(this page is part of the Family Guide to Digital Freedom, 2007 edition. Please do read that introduction to know more about the Guide, especially if you mean to comment this page. Thanks)

Don’t listen to popular wisdom and urban legends: in almost all countries of the world, installing on your computer or sharing music, games, movies or software programs with others is legal only if explicitly allowed by their user license. In all other cases it is a crime that has already brought lawsuits to unaware parents.

Finding out if all the content of a computer is legal is very easy. Software, for example, is not sold nor given away, regardless of the appearances. Each software program is distributed with some conditions for using it legally, called a license. Some licenses are written to forbid modifications and redistribution of the program, in order to maximize the profits of the company which developed it. Others, like the General Public License (GPL) of the Free Software Foundation, are specifically designed to make sure that all the users of a program can study, modify or improve it and redistribute or use the improved source code without restrictions.

In other cases the software is literally given away, that is abandoned for everybody to take, and maybe resell, as he or she pleases, without any conditions. When this happens, however, it is still thanks to an explicit decision and declaration from the software author.

Incidentally, none of these licenses guarantee that there will not be loss of data due to defects in the software or that, in such cases, there will be a refund. Software is so complex and it is used in so many different ways that, in almost all cases, it wouldn’t be possible to offer such guarantees: still it is important to know that one of the most common reasons for buying proprietary software (“we know who to sue to have refunds if this doesn’t work!”) has basically no basis in reality.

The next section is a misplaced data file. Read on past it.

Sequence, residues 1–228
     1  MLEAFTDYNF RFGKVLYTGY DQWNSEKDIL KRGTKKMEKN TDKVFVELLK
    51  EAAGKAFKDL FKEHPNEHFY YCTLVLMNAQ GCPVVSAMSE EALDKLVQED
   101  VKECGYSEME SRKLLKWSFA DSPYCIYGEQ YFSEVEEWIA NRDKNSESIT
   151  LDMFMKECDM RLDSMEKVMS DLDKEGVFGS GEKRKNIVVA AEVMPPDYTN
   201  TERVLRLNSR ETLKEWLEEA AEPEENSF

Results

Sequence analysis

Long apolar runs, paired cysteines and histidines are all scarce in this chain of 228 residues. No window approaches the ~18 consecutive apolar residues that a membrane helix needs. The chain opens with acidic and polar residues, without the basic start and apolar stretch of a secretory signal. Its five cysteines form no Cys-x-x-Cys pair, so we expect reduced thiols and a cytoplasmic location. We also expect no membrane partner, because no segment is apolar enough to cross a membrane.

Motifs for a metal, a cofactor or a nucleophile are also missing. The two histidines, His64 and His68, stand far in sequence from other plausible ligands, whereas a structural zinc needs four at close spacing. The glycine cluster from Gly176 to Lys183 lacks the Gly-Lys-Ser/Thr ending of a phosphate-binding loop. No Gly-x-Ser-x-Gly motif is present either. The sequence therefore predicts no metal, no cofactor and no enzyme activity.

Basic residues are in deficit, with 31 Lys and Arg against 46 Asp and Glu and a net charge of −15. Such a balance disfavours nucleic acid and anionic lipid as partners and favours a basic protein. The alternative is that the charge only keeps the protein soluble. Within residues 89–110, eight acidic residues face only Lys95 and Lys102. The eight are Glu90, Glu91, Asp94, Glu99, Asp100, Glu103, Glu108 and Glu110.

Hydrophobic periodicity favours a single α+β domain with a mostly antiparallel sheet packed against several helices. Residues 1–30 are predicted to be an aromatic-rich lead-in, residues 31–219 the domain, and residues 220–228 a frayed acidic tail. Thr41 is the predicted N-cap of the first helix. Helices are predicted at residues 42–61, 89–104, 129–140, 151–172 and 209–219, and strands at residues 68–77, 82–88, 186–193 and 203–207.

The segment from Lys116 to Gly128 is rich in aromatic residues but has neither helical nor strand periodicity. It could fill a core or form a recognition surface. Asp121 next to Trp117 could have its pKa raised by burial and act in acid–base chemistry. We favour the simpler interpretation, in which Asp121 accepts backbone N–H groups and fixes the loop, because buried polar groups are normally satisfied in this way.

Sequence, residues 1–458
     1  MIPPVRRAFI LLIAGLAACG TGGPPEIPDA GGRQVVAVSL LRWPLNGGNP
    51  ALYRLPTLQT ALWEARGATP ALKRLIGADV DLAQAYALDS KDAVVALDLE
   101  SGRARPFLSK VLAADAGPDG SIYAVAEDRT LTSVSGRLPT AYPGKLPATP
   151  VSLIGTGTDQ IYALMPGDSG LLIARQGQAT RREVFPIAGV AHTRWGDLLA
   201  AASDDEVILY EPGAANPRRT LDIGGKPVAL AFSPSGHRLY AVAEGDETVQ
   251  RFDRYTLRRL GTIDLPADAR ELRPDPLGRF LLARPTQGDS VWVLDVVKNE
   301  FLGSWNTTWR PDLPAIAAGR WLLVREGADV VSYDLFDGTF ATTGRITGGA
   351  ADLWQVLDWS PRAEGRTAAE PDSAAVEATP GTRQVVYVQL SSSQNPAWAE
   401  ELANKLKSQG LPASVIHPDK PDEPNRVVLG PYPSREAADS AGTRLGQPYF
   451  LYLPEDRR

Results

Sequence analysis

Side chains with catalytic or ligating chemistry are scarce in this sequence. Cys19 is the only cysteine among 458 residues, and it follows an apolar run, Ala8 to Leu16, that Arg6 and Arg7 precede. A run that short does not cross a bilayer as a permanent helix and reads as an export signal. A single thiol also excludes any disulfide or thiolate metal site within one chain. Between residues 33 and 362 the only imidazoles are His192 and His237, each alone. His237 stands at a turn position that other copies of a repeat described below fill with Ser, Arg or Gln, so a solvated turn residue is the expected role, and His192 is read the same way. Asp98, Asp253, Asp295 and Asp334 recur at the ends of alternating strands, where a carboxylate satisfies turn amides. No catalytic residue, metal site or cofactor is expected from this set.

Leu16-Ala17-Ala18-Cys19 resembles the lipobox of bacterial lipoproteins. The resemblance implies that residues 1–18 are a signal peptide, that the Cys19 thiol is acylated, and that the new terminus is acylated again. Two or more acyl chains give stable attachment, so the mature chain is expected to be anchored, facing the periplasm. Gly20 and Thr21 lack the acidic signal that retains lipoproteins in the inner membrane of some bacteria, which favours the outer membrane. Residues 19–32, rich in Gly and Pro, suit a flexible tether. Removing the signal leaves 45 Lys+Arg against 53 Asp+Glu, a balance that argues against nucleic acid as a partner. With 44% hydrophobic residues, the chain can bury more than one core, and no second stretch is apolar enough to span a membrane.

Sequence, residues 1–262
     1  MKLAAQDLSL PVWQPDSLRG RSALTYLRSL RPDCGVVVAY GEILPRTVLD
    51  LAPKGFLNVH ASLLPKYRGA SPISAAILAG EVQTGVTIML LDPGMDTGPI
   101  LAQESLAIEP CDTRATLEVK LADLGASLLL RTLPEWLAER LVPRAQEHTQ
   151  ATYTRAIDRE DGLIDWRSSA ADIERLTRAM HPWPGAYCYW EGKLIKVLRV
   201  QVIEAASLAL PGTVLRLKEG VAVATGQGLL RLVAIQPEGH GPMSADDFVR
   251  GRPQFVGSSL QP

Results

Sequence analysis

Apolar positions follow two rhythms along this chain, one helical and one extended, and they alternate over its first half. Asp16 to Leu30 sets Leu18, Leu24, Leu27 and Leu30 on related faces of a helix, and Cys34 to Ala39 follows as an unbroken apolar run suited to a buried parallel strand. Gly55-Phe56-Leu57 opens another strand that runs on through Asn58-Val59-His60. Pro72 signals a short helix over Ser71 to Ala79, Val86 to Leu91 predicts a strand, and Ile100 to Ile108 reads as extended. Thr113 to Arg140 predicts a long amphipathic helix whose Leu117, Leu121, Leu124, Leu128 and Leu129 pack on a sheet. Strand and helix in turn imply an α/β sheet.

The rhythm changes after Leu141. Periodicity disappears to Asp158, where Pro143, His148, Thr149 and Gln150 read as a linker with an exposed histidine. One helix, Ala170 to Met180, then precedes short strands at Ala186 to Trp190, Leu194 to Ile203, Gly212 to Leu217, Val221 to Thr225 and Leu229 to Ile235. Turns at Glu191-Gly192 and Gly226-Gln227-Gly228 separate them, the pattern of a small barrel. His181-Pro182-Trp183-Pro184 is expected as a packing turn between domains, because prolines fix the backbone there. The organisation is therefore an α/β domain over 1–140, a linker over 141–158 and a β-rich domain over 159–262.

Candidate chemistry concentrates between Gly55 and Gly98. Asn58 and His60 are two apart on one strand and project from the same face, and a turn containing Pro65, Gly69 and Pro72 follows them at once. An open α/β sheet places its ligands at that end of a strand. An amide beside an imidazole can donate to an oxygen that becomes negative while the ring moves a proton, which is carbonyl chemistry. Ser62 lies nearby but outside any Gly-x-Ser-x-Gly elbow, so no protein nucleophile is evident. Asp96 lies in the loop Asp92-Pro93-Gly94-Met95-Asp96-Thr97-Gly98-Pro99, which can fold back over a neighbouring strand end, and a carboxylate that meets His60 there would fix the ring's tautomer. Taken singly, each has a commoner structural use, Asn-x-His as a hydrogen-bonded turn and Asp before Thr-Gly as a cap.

An end user must simply look at the kind of license and distribution model. For example, any program developed and distributed as Free or Open Source Software is surely fine to use, copy, install, modify and redistribute under the same conditions. The important thing here is to not trust common wisdom or whoever made you use some software on this.

Many people, for example, still believe in good faith that they are safe from any legal trouble if they install without paying, “just for personal, non-profit use at home”, any software which is sold in the stores. This is almost never the case: more exactly, this is never the case unless it is explicitly written, on the CD-ROM or in the installation screen, that such an use is allowed. Another common case where people and families end up violating the law against their will, or without even realizing it, is when some software is installed on the home computer because it is the only one with which it is possible to complete some school project.

In these particular cases the assumption, or sometimes the hope, is simple: if a teacher put a student in the need to install a program on his or her personal computer, without checking if the student can afford to buy that software and actually buys it, everything is surely OK. In other words, parents (must) assume that either the teacher knows it is certainly legal for the students to not buy a software license or that, if a crime is being committed, only the teacher will be held responsible. Nothing could be further from the truth. First of all, if a software license normally requires the payment of a fee, it is never legal to install and use it at home unless:

  • there is an official student edition or similar offer at reduced price, or:

  • the documentation or installation procedure, again, explicitly allow personal use for study

In the second place, installing software without even pondering for a moment if it is legal to do it, not knowing in the first place that it may be illegal sometimes to do so, or lacking a real understanding of these issues are all phenomena still too common among many teachers to assume that they were able to do this kind of research for their students and actually did so. This should not be taken in any way as an insult to the millions of teachers worldwide who work hard to educate their pupils in the best possible way: it is just an acknowledgment that these problems are still so new, and the interest in the status quo so powerful, that so far there has been very little time or opportunity to inform and train teachers in the proper way.

Therefore, unless you are already absolutely sure that it is OK to install and use some software, always ask its author, distributor or the teacher who makes you install it, if it is indeed OK to install and use the software as you intend to do. The same rules apply to computer games, music, movies and so on. Remember also that, even if it is (still) very easy to foul proprietary software licenses and installation procedures, you are shooting yourself in the foot in some other way tomorrow, by giving the industry valid excuses to make computers impossible to use as it is today.